The latest analytical techniques available to scientists can confirm the validity of historical sources in some cases, and suggest a need for reconsideration in others.
As any historian will tell you, we can rarely take the claims made by our ancestors at face value. The authenticity of many of the artefacts which shape our understanding of the past have been hotly debated for centuries, with little consensus amongst researchers. Now, many of these disputes are being resolved through scientific research, including two studies recently published in EPJ Plus.
The first of these, led by Diego Armando Badillo-Sanchez at the University of Évora in Portugal, analysed an artefact named ‘Francisco Pizarro’s Banner of Arms’ – believed to have been carried by the Spanish conquistador during his conquest of the Inca Empire in the 16th century.
The second team, headed by Armida Sodo at Roma Tre University in Italy, investigated a colour print of Charlemagne – the medieval ruler who united much of Western Europe – assumed to be from the 16th century.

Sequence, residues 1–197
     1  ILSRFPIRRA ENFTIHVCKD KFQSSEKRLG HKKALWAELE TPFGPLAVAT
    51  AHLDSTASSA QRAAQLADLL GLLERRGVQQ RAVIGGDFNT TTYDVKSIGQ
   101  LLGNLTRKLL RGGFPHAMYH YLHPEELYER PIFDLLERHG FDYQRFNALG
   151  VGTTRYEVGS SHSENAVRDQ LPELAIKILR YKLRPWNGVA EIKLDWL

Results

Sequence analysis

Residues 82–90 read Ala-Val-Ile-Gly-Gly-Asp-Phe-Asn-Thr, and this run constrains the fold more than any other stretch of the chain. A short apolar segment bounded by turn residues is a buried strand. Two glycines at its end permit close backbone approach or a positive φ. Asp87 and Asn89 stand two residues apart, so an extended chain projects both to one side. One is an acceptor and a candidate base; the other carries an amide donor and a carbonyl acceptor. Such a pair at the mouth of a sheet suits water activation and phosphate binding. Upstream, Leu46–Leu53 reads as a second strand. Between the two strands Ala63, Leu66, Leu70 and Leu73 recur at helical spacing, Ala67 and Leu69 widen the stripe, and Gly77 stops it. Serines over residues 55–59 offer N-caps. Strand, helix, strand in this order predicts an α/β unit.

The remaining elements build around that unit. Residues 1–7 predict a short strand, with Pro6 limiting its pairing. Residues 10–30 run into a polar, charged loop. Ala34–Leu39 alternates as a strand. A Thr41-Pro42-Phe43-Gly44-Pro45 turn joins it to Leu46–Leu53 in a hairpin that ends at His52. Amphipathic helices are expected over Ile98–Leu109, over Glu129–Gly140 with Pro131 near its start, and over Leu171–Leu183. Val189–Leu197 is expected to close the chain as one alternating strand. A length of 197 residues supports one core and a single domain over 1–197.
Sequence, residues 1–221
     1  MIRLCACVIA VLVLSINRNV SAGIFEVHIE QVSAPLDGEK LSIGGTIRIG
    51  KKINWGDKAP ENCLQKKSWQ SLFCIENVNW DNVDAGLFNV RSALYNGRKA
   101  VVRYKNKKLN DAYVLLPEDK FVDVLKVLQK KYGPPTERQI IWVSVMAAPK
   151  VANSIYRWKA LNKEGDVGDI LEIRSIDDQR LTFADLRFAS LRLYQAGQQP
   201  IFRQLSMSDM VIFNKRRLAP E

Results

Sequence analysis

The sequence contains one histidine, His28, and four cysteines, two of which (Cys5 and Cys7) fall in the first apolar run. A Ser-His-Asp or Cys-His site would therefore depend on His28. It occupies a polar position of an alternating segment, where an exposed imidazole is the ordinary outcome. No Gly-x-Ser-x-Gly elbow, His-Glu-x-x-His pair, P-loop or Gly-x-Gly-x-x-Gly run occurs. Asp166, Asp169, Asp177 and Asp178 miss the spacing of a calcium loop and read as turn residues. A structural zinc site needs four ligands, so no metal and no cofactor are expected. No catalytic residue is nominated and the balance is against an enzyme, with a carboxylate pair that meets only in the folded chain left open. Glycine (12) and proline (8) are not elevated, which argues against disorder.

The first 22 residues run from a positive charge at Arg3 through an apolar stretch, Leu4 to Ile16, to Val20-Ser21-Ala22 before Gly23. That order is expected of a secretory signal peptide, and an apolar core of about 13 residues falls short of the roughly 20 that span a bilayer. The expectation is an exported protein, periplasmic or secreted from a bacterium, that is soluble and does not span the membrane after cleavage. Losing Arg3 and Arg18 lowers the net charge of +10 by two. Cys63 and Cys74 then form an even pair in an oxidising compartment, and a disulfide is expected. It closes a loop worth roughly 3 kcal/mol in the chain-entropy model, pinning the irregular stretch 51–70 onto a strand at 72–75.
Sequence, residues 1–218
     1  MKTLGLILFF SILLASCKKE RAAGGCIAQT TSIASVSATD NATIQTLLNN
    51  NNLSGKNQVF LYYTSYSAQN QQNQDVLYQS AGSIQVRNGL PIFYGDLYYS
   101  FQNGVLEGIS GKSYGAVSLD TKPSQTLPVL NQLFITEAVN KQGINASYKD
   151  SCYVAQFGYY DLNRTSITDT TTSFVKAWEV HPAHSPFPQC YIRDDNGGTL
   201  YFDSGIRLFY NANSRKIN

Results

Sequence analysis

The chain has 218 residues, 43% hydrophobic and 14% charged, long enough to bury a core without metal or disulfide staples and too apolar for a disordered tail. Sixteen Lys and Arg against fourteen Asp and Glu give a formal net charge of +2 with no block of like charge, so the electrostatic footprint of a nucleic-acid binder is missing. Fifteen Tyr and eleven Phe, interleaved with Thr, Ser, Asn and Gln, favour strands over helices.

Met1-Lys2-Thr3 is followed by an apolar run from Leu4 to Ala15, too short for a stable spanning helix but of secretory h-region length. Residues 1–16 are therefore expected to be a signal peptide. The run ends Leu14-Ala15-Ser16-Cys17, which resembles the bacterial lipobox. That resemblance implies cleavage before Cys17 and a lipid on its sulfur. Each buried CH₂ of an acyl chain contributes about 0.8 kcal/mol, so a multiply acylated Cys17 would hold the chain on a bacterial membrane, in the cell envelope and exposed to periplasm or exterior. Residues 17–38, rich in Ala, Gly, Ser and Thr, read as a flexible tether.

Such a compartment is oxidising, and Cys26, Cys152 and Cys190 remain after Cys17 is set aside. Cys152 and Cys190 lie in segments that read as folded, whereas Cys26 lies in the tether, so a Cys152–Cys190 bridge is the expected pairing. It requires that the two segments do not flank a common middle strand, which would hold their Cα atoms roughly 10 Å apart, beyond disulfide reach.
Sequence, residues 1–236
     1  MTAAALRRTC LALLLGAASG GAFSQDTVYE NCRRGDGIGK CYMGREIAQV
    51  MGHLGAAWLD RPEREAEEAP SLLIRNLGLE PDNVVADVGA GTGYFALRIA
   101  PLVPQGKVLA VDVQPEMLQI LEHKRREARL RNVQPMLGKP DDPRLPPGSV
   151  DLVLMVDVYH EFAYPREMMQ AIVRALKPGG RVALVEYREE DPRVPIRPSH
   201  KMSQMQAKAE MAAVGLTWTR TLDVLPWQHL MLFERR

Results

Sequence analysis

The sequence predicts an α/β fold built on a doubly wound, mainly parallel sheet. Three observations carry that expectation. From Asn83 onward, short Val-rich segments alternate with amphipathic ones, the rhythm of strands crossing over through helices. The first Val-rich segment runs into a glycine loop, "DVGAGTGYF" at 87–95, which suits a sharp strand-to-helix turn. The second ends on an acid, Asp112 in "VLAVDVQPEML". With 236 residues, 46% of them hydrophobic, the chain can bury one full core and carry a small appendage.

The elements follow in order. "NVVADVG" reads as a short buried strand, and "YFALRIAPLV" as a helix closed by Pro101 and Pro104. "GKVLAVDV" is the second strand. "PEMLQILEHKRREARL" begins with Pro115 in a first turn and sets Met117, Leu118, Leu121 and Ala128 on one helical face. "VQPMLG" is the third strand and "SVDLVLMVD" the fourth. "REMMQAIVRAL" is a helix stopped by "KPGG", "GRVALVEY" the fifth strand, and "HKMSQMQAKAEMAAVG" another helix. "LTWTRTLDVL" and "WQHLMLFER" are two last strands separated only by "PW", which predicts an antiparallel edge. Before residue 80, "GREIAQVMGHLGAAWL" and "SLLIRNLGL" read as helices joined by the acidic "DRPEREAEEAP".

The work of both teams shows that today’s analytical techniques are sufficiently sophisticated to differentiate between authentic historical artefacts and forgeries. In their study, Badillo-Sanchez’s team found that the fabrics, dyes, adhesives and decorative metals used to make Francisco Pizarro’s Banner of Arms are consistent with the manufacturing techniques available to the Spanish in the 15th and 16th centuries.
In contrast, Sodo’s team discovered that the pigments used in the Charlemagne print had not been invented until the 19th century. Both groups drew their conclusions by combining several analytical techniques, including Raman and infrared spectroscopy, X-ray fluorescence, chromatography and microscope imaging, which allowed them to study the fragile objects without damaging them.
The two studies show that with the help of the latest analytical techniques, the authenticity of many historical artefacts can be confirmed, while that of others may need to be reconsidered.